THE WAY WE WERE – October 1911

The Way We Were

Culled by Judy Garrison

From October 1911 issues of The Andes Recorder

100 Years Ago



Events of a Week as Chronicled by

the Man on the Street


 With commentary

by Jim Andrews



The falling of a “Rochester” lamp in the kitchen of the Central Hotel on Monday evening started a fire that would probably have resulted in a destructive conflagration, but for the presence of mind of Landlord F. C. Chamberlain and the use of fire extinguishers, and even in the few minutes the fire existed considerable damage was done. [Jim Andrews: For those who don’t know, a Rochester lamp is the brand name of a later period kerosene lamp using a round wick. They were usually brass or nickel-plated and were more utilitarian than attractive. Many hanging lamps were Rochesters. I am assuming that the lamp that fell in the Central Hotel (now the Andes Hotel) was a hanging one.]




A wildcat was recently seen on Gray mountain, and a dog belonging to Mrs. Angell drove it out of her barn.[JA: I believe this to be the hill behind the Hotel side of Main Street. Mrs. Angell (Marion Angell) lived in a ramshackle house on the top of the mountain that was accessible from a dirt road at the head of Coulter Road on the former Irving Campbell farm. Mrs. Angell used to drive a buckboard into town and according to some older residents, would be armed! The house is gone now however the well and, I believe, foundation is still there.]




Ransom Palmateer had three cows die last week from eating apples.




Friday, Harvey Winnie, section foreman on the Andes branch, found a black raspberry bush with both green and ripe berries. [Ed.: That a natural observation such as this would qualify as news is rather touching.]




The Delaware & Eastern railroad is now officially the Delaware & Northern. Three new engines of 55 tons each, two gasoline motor cars and various other stock has been purchased. The gasoline cars will be used to carry the workmen from place to place. The coaches have been repainted and fitted up more comfortably. A large gang of workmen are busily engaged in repairing the road bed in putting in new ties, building retaining walls. [JA: The Delaware and Eastern railroad and its owner, F.F. Searing, went bankrupt and was sold and reorganized under the Delaware and Northern name.]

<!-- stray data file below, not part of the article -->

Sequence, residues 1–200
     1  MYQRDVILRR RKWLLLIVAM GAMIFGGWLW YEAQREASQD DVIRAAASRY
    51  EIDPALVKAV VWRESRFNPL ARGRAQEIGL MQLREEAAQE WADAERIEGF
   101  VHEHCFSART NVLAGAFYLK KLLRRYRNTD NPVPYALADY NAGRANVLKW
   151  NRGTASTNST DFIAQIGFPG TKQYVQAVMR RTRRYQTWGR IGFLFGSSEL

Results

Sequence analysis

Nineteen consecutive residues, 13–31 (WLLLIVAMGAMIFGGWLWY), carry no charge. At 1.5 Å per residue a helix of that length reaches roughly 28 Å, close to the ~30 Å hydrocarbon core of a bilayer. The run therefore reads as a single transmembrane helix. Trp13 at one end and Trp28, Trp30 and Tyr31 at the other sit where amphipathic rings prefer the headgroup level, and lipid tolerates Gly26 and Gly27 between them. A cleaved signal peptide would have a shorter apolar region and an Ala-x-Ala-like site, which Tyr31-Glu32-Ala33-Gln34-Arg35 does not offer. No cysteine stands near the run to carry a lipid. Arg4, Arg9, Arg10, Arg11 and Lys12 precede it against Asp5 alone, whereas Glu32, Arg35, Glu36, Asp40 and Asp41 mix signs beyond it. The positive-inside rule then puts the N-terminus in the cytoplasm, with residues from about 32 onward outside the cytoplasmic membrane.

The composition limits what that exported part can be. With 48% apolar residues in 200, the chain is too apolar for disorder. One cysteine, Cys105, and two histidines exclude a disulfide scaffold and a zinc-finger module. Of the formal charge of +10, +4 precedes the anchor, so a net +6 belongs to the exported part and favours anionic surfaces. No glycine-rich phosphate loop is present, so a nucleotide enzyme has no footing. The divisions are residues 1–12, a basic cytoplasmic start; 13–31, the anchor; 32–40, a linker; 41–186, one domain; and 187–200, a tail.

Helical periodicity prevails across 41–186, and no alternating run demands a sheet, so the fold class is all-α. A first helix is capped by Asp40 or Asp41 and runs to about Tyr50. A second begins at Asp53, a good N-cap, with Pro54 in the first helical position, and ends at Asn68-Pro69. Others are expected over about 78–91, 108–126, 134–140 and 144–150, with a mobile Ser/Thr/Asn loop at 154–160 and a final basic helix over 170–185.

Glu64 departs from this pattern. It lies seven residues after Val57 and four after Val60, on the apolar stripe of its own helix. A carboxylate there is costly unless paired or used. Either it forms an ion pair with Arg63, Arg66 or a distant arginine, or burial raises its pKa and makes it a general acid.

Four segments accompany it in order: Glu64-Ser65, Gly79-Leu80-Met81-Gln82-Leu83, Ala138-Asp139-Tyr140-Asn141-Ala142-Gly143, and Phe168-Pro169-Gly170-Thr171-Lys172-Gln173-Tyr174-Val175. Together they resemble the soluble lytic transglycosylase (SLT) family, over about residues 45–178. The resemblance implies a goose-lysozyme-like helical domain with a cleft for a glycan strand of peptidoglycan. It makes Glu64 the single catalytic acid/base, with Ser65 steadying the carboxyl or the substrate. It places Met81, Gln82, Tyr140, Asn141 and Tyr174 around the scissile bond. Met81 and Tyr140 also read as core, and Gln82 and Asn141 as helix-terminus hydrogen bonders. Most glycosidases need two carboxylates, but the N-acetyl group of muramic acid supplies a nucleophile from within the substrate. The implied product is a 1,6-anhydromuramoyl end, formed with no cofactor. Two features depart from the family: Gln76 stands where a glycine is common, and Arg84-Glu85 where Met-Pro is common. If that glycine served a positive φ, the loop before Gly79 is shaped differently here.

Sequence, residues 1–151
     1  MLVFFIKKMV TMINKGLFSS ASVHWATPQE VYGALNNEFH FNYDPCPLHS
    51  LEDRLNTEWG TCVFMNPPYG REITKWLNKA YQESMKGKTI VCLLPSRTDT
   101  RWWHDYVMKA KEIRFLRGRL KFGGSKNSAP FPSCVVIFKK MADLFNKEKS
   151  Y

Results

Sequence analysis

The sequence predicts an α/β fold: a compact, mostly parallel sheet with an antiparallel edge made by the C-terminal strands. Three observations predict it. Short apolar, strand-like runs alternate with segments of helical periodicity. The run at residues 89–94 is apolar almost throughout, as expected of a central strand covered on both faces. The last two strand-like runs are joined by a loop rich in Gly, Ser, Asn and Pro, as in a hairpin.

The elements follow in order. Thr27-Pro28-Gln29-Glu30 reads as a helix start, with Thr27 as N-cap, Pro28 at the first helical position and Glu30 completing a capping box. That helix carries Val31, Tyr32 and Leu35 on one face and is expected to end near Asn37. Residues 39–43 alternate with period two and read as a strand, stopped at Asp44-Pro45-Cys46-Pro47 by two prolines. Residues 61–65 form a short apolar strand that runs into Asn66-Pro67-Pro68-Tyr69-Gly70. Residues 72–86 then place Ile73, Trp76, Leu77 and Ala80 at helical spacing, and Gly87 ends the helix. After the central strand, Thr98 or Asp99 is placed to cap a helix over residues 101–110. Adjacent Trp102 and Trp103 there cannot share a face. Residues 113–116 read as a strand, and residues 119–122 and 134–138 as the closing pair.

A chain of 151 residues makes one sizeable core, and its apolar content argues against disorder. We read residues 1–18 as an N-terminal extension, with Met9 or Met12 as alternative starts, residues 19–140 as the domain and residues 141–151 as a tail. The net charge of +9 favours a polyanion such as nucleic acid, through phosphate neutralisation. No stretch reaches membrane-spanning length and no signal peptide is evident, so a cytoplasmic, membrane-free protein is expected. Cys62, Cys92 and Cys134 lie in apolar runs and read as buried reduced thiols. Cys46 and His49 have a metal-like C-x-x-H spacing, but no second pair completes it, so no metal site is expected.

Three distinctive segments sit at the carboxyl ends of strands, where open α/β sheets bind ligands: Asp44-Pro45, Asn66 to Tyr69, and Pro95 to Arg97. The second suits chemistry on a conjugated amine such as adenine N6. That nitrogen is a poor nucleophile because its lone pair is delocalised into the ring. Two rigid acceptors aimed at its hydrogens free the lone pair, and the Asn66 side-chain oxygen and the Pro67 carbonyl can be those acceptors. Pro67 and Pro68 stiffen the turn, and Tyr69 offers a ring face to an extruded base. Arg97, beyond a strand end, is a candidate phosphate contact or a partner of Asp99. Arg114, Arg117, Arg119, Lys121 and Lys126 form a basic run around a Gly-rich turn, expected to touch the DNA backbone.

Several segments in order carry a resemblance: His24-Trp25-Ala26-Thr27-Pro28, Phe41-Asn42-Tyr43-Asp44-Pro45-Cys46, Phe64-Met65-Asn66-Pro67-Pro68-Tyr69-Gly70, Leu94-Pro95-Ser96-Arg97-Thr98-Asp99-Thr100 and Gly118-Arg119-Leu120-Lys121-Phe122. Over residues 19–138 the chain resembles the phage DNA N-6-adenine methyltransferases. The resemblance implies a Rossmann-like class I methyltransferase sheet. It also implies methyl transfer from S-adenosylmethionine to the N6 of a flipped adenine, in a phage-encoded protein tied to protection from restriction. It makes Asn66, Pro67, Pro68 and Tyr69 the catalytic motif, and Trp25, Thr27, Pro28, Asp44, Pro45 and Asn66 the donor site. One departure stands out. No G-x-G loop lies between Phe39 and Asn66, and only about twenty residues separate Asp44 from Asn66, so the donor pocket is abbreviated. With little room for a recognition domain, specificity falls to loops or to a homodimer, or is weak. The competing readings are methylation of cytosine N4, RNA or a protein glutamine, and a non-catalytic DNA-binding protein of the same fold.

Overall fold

To obtain a degree from Princeton University hereafter undergraduates must be able to swim at least 220 yards and pass a physical examination.




Andes Socialists failed to file their nominations for town officers before the time for filing expired and they will not be printed on the ballot. [Ed.: Do I detect both a critical judgment and a secret glee on the part of the editor?]




The Delaware County October Grand Jury adjourned Thursday afternoon, after having considered 39 cases:




Able Jones, compulsory prostitution of wife, plead guilty, sentenced to not more than five or less than two years at Albany State prison.




Julius Hoyt, adultry [sic], plead guilty, sentenced to six months in Albany penitentiary.




W. T. Hyzer is suffering with a sprained wrist, sustained as he was cranking his automobile. [JA: This was a common affliction since the crank on these early engines had quite a “kickback.” Ask any of the local firemen who have cranked our 1924 Day Elder fire engine to get it started.]




An apple brought to this office by William VanKeuren, who lives on Perch Lake hill, has attracted much attention. The apple grew on a Twenty Ounce tree and is perfectly formed, but the curious part is that while one half of the apple is a Twenty Ounce, the other half is a King apple. The division of color is exactly around the center and is a true line. The query is what caused the “freak” apple. [Ed.: I see in a recent Press & Sun Bulletin article that there are an estimated 15,000 or more apple varieties that have been named and grown in North America, with the top 10 varieties making up 80 percent of the production. When I googled “Twenty Ounce” and “King” I discovered that these heritage varieties are still being grown and marketed in the northeast.~]


Comments are closed, but trackbacks and pingbacks are open.